# A question about neighboring fractions.

I have purchased I.M. Gelfand's Algebra for my soon-to-be high school student son, but I am embarrassed to admit that I am unable to answer seemingly simple questions myself.

For example, this one:

Problem 42. Fractions $$\dfrac{a}{b}$$ and $$\dfrac{c}{d}$$ are called neighbor fractions if their difference $$\dfrac{ad - bc}{bd}$$ has numerator $$\pm1$$, that is, $$ad - bc = \pm 1$$.

Prove that

(a.) in this case neither fraction can be simplified (that is, neither has any common factors in numerator and denominator);

(b.) if $$\dfrac{a}{b}$$ and $$\dfrac{c}{d}$$ are neighbor fractions then $$\dfrac{a + b}{c + d}$$ is between them and is a niehgbor fraction for both $$\dfrac{a}{b}$$ and $$\dfrac{c}{d}$$; moreover, ...

Here is the snapshot from the book online (click on Look Inside on the Amazon page): So, (a) is simple, but I have no idea how to prove (b). It just does not seem right to me. Embarrassing. Any help is appreciated.

• Isn't it $\frac{a+c}{b+d}$ instead of $\frac{a+b}{c+d}$ ? Jan 3, 2017 at 0:50
• Guys, are you saying there is a typo in the book? My goodness and I thought I was stupid for not being able to prove it.
– mark
Jan 3, 2017 at 1:30
• Please convert the image to actual text. Jan 3, 2017 at 11:27
• Not easy. I have the actual hard copy book, this one is from a pdf I found on the Internet, but it is a pdf capturing the picture of the text, so it is not selectable and copyable.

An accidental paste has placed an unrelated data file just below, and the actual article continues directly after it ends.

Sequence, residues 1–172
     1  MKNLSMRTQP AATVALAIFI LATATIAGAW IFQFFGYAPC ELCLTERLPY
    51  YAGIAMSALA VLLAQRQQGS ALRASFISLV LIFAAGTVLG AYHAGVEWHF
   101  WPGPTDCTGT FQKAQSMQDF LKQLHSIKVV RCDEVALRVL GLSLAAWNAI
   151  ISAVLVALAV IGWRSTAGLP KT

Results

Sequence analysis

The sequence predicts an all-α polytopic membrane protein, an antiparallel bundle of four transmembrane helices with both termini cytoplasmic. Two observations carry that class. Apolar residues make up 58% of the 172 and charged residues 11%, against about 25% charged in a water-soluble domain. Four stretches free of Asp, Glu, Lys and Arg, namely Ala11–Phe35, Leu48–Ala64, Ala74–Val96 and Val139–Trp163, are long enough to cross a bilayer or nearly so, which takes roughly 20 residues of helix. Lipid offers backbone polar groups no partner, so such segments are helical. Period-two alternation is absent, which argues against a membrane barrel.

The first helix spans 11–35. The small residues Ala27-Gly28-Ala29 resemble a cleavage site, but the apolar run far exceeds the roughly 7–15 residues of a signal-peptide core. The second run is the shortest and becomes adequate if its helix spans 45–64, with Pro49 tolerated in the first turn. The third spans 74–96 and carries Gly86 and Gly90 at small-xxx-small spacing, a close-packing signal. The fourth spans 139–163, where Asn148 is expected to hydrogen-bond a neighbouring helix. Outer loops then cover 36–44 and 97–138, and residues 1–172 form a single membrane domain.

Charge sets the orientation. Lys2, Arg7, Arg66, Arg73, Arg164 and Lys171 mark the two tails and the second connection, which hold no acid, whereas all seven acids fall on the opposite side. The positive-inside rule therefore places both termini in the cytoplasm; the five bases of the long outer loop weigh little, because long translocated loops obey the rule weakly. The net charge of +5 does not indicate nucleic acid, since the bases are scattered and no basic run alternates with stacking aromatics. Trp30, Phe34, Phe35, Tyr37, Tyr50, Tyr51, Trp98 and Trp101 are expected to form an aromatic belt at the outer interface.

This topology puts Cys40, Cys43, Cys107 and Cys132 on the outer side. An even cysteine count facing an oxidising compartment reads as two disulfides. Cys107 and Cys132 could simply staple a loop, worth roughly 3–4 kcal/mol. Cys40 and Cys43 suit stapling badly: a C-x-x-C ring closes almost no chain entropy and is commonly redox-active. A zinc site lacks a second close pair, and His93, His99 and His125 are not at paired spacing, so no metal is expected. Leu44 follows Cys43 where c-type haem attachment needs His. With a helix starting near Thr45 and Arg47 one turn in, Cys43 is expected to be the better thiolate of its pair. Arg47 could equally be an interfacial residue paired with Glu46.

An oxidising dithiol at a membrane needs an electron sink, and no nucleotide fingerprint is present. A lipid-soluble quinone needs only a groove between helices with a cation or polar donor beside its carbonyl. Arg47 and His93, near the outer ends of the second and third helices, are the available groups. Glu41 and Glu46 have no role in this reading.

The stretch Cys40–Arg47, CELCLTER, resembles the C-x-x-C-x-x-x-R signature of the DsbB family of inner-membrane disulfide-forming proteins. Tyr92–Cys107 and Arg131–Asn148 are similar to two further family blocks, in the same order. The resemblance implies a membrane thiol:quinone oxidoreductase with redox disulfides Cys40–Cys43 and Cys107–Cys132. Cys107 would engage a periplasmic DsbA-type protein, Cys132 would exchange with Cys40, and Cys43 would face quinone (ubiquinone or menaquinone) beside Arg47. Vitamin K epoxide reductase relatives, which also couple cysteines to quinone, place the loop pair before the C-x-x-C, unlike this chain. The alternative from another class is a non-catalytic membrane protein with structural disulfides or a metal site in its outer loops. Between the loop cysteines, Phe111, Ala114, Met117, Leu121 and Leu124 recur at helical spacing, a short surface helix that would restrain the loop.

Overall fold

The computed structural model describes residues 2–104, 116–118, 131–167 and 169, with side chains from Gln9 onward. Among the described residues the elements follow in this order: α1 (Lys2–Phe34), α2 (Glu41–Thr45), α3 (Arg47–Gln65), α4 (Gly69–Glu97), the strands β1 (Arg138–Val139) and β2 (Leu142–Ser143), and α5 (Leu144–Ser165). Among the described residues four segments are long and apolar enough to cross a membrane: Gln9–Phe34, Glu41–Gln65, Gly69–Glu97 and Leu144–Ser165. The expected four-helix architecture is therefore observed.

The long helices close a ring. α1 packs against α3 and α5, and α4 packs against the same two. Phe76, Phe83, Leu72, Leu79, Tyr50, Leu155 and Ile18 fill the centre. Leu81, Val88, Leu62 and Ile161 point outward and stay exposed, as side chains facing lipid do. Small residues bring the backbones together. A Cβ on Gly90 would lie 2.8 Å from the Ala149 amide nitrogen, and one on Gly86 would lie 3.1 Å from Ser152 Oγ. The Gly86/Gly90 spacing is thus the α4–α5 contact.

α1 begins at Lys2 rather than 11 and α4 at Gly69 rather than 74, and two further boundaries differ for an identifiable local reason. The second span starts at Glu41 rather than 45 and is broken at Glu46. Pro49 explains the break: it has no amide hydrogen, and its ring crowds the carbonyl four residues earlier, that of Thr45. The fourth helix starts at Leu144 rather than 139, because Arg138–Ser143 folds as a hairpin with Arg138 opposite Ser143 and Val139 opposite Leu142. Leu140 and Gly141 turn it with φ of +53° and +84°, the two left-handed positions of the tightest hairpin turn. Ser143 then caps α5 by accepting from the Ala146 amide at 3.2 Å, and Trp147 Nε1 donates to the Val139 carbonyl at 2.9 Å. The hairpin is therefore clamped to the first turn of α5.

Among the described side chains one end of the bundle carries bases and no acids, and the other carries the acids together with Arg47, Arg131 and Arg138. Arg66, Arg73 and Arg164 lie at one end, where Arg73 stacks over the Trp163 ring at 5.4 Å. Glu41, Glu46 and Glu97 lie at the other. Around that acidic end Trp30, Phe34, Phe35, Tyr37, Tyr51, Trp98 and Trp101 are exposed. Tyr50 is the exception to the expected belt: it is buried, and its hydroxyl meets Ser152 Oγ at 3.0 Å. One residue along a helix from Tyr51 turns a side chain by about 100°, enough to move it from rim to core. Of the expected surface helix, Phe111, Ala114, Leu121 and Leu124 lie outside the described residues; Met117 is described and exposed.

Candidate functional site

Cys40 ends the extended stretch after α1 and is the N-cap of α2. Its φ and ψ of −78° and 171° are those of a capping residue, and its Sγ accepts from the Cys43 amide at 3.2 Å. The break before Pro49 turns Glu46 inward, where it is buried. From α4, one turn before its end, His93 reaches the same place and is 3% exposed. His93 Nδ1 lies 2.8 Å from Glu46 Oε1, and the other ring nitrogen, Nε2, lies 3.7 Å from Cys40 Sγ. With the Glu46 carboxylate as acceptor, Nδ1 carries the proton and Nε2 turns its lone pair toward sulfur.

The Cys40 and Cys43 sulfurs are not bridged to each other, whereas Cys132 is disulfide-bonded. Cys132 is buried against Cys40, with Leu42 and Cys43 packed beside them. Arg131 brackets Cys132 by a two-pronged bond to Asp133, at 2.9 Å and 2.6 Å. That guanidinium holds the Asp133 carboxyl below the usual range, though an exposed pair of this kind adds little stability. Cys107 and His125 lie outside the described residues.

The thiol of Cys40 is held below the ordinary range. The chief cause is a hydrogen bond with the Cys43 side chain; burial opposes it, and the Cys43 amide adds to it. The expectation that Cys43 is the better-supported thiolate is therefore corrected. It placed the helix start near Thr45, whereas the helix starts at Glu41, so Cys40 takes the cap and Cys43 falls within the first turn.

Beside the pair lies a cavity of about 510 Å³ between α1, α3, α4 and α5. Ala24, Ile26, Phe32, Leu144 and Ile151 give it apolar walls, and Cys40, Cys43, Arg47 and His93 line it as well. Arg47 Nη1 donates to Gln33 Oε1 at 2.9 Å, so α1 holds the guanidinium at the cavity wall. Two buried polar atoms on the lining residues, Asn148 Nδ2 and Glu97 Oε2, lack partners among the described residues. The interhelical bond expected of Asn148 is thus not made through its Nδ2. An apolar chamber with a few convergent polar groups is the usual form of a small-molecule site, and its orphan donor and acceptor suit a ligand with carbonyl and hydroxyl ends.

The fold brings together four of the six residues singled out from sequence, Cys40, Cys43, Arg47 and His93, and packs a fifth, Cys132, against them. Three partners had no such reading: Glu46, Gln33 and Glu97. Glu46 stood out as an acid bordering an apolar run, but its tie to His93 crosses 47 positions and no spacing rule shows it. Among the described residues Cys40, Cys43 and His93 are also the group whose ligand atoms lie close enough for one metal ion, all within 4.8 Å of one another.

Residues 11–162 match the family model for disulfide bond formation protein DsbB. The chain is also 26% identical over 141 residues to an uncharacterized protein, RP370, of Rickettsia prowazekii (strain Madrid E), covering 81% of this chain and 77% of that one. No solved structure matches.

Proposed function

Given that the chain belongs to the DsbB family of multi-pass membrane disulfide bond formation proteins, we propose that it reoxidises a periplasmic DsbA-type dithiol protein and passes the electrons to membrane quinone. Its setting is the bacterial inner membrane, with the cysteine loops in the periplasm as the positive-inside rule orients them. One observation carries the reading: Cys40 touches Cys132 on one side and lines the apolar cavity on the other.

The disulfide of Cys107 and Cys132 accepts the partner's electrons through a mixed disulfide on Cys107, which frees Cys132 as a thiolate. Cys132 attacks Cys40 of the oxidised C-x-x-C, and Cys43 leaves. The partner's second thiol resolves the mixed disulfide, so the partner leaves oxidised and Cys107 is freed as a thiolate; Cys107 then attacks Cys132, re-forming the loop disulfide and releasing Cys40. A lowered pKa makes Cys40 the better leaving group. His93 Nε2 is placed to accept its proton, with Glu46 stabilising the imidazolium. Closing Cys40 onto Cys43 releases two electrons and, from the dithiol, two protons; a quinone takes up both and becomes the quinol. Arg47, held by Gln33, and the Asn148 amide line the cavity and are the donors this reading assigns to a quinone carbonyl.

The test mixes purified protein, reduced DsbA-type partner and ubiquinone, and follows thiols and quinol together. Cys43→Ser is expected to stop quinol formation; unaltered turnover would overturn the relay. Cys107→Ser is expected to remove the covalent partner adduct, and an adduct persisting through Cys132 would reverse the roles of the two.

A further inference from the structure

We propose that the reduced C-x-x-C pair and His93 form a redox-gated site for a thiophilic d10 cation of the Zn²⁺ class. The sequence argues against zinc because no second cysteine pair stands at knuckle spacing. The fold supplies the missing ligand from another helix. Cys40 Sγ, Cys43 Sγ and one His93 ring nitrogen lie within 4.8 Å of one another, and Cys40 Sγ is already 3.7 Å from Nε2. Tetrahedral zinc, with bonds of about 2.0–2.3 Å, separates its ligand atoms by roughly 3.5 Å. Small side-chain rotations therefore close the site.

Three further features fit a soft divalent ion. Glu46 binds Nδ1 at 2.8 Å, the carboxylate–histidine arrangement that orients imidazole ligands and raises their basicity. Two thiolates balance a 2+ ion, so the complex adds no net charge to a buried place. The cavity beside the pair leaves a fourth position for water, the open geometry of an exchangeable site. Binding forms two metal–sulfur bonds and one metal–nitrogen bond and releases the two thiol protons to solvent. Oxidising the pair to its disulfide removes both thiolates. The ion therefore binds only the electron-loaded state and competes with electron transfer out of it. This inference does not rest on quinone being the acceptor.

– mark
Jan 3, 2017 at 14:19
• BTW, I checked the Russian origin - no typo there. So this is a translation issue.
– mark
Jan 11, 2017 at 4:12

As @Peter noticed, (b) is a typo and should be $\frac{a+c}{b+d}$. To show that the original isn’t correct, you would just need to find a counter example. One such example is $a=1$, $b=2$, $c=3$, and $d=5$. Then $\frac{a}{b}=\frac{1}{2}$ and $\frac{c}{d}=\frac{3}{5}$ are neighbor fractions, since $ad-bc=-1$, but $\frac{a+b}{c+d}=\frac{3}{8}$ is not between the original fractions (it’s less than both) and is not a neighbor fraction to either of the original fractions (the specified differences are 2 and 9).

The take-away message for you is: if you are having trouble proving what seems to be a simple statement (especially if it doesn’t seem right to you), try out a few examples to see if you can see what is happening and why it’s true. In this case, you likely would have found a counter example to the statement (the above was the first case of neighbor fractions I tried where $b\neq c$), and a counter example would have meant that a proof was impossible.